• The x-axis showing 1 – specificity (= false positive fraction = FP/(FP+TN))
  • The y-axis showing sensitivity (= true positive fraction = TP/(TP+FN))

Thus every point on the ROC curve represents a chosen cut-off even though you cannot see this cut-off. What you can see is the true positive fraction and the false positive fraction that you will get when you choose this cut-off.

To make an ROC curve from your data you start by ranking all the values and linking each value to the diagnosis – sick or healthy.

In the example in Table 2 159 healthy people and 81 sick people are tested. The results and the diagnosis (sick Y or N) are listed and ranked based on parameter concentration.

TABLE 2

TABLE 2

TABLE 3

TABLE 3

For each and every concentration it is calculated what the clinical sensitivity (true positive rate) and the (1 – specificity) (false positive rate) of the assay will be if a result identical to this value or above is considered positive.

Now the curve is constructed by plotting the data pairs for sensitivity and (1 – specificity):

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AREA UNDER ROC CURVE

The area under the ROC curve (AUROC) of a test can be used as a criterion to measure the test’s discriminative ability, i.e. how good is the test in a given clinical situation.

Various computer programs can automatically calculate the area under the ROC curve. Several methods can be used. An easy way to calculate the AUROC is to use the trapezoid method. To explain it simply, the sum of all the areas between the x-axis and a line connecting two adjacent data points is calculated:

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THE PERFECT TEST

A perfect test is able to discriminate between the healthy and sick with 100% sensitivity and 100% specificity.

It will have an ROC curve that passes through the upper left corner (∼100% sensitivity and 100% specificity). The area under the ROC curve of the perfect test is 1.

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THE WORTHLESS TEST

When we have a complete overlap between the results from the healthy and the results from the sick population, we have a worthless test. A worthless test has a discriminating ability equal to flipping a coin.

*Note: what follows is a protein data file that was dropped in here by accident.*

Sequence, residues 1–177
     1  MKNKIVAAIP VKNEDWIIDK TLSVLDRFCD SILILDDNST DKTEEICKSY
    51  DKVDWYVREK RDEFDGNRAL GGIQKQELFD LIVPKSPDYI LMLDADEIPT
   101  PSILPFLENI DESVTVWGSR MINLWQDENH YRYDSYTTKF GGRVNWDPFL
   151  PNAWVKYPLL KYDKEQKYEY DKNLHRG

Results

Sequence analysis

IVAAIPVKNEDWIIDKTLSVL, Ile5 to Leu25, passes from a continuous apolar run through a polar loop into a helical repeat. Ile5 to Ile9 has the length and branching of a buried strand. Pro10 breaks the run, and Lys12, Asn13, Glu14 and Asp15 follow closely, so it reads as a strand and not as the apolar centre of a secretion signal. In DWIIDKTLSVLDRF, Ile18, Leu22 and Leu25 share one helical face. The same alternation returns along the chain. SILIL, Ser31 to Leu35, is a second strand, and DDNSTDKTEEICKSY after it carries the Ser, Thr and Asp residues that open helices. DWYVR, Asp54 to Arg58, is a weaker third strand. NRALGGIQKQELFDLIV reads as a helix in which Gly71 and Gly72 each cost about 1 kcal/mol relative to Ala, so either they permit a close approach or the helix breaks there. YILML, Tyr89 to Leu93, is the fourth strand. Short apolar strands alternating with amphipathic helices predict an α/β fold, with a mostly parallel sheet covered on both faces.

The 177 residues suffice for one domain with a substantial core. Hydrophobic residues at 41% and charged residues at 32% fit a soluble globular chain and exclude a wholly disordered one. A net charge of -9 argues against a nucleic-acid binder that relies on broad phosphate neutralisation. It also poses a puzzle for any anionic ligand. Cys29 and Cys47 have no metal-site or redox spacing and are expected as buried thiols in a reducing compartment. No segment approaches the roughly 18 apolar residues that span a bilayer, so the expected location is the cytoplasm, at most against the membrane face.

The ROC curve of the worthless test falls on the diagonal line. It includes the point with 50% sensitivity and 50% specificity. The area under the ROC curve of the worthless test is 0.5.

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COMPARING ROC CURVES

As mentioned above, the area under the ROC curve of a test can be used as a criterion to measure the test’s discriminative ability, i.e. how good is the test in a given clinical situation. Generally, tests are categorized based on the area under the ROC curve.

The closer an ROC curve is to the upper left corner, the more efficient is the test.

In Figure 13 test A is superior to test B because at all cut-offs the true positive rate is higher and the false positive rate is lower than for test B. The area under the curve for test A is larger than the area under the curve for test B.

FIGURE 13

FIGURE 13

As a rule of thumb the categorizations in Table 4 can be used to describe an ROC curve.

TABLE 4

TABLE 4

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REFERENCE

1. CLSI/NCCLS document EP12-A2 User Protocol for Evaluation of Qualitative Test Performance; Approved Guideline 2nd Edition. Vol. 28 No. 3. 2008.
© 2012 Lippincott Williams & Wilkins, Inc.